Boy Baby Names: Can Remy Be Saved?

Boy Baby Names: Can Remy Be Saved?

They have the perfect name for their next child – if they can resolve spelling and pronunciation challenges. Can it be done, or should they move on to another choice?

Marie writes:

My husband’s family has a great name that has been passed down (to boys only so far) for many generations: Remy. I love names that aren’t too common, are familiar, pack a good historical punch (either familial or popular history), and feel nice to say.

The only holdup is that the family pronounces it Ray-mee. My husband’s family has been in the US for many generations, originally from Belgium. My mom’s side of the family is very French. To them, this pronunciation sounds like an Anglicized version of the French original (which it likely is). I’m not French enough to feel comfortable committing to the ‘r’ rolling French pronunciation.

So … is there any way we can salvage this name? I think this name could work for either sex and aside from a bit of confusion, no one in my husband’s family would be insulted by a different take on the name.

I think an obvious solution would be to use the “Rem-mee” pronunciation and maybe use the Remi spelling to signal that it is an ode to Remy but a different name. I need some convincing on this though.

Our older son has a name that has two possible pronunciations. I am constantly correcting people. If possible, it would be a bonus to find a name with a straightforward pronunciation and spelling … which might be challenging with this name!

The Name Sage replies:

Remy is a great name! All that family history combined with a stylish sound make it a logical choice for a child. And you’re right – it has potential for a son or a daughter.

Now here’s where it gets interesting: Remy feels like a rarity to you, a name heard mainly within your family. (And perhaps with others you know in French-speaking countries.)

But that’s not quite the case anymore.

First came 2007’s Ratatouille, featuring a talented chef who just happened to be a cartoon rat. Since then, plenty of fictional characters have answered to the name on television and in movies. There’s X-Men character Remy LeBeau, a.k.a. Gambit, who appeared in a 2009 film. Add in characters from House of Cards, The New Girl, Devious Maids, and Reign, and this name is slowly becoming mainstream.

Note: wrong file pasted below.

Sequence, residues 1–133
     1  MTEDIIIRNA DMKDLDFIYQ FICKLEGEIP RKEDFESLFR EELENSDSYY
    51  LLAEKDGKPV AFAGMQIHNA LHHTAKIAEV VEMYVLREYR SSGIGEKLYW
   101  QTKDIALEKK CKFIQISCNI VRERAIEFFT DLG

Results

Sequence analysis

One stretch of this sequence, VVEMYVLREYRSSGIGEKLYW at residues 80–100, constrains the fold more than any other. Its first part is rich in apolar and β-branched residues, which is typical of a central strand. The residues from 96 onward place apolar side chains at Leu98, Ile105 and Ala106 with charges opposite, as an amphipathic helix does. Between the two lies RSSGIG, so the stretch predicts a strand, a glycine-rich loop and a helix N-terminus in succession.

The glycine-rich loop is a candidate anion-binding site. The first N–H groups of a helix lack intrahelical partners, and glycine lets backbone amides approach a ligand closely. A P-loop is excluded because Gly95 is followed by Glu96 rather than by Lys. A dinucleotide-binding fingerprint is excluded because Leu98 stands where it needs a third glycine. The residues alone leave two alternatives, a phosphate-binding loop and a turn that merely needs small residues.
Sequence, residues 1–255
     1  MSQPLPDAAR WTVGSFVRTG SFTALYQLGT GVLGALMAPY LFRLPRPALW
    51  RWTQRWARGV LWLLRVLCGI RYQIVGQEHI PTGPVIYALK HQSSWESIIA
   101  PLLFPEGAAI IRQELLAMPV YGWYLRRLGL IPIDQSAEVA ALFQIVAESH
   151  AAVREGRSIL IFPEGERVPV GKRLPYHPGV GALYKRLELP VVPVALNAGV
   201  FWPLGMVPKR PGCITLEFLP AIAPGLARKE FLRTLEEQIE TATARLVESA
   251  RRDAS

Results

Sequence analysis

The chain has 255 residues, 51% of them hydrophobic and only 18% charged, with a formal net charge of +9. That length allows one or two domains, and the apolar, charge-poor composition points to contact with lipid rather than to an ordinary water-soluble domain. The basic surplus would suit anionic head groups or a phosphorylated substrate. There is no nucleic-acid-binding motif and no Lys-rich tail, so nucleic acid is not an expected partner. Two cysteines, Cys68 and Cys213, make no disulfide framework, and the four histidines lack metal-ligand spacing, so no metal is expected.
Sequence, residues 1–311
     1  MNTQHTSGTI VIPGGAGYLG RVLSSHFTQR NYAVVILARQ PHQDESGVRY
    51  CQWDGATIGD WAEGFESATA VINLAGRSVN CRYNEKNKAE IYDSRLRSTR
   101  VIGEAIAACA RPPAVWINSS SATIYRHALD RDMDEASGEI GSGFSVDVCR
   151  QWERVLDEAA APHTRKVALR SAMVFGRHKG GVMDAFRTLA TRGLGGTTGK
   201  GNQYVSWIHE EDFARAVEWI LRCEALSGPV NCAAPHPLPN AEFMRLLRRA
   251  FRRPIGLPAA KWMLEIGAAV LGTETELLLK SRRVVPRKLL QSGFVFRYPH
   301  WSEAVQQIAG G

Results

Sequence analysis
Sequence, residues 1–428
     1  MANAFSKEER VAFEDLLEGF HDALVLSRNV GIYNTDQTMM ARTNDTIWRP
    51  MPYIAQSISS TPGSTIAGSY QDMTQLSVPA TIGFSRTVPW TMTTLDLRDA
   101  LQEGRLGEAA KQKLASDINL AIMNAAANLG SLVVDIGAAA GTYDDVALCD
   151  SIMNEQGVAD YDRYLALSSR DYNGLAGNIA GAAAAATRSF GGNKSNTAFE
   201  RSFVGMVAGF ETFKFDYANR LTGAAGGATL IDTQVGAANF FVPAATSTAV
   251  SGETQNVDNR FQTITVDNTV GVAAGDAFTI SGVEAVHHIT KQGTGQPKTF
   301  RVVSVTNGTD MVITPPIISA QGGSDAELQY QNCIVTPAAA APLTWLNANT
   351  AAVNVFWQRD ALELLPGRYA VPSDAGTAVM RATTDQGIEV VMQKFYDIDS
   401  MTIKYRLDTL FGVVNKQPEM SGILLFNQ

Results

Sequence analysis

In fact, Remy debuted in the US Top 1000 back in 2009. It currently stands at Number 468 for boys, and Number 717 for girls. Remi ranks Number 295 for girls. Surname name Remington is also on the rise, with many of those children potentially using Remy/Remi for short.

This could be good news for you.

First, it means that more people will recognize the name. It also means that there’s general agreement on the pronunciation: Rem-mee. Would your families pronounce it differently? Maybe. But it sounds like your concern is with the wider world – teachers and classmates, neighbors, other kids on the playground. As long as you don’t mind the Americanized pronunciation, I think you’re in the clear.

Next, let’s talk about I versus Y. Very rarely does changing spelling result in a changed pronunciation. We keep trying, of course – hence, Alivia and Madelyn. But in this case, Remi seems to signal something different. Like Jordyn or Charleigh, Remi looks like an attempt to transform a masculine name into a feminine one. Nearly 1,100 girls were named Remi last year, versus fewer than 200 boys. The –y spelling, on the other hand, leans masculine.

This raises another question: is Remy still wearable for a son? I’d say yes, with enthusiasm. First, the numbers still give this one to the boys. And remember that X-Men character? In 2019, we’re expecting a big screen version of Gambit, featuring Channing Tatum as Remy LeBeau.

My suggestion: use Remy with enthusiasm, and confidence that spelling and pronunciation challenges will be minimal. (Though you may have to say Remy-with-a-y, or explain that it’s not short for Remington, from time to time.)

Should you decide to use the name for a daughter, Remi seems like an equally good option – as long as you don’t mind repeating Remi-with-an-i now and then.

The downside, of course, is that your Remy won’t be the only one. While it’s not Noah or Jackson, it is increasing in use. But it seems like that works to your advantage here, allowing you to use a beloved family name without the associated challenges of a truly unfamiliar choice.

Readers, how do you pronounce Remy? And do you like this name better for a boy or a girl?

Also, we have an update on an earlier post from August. So glad they used their favorite name!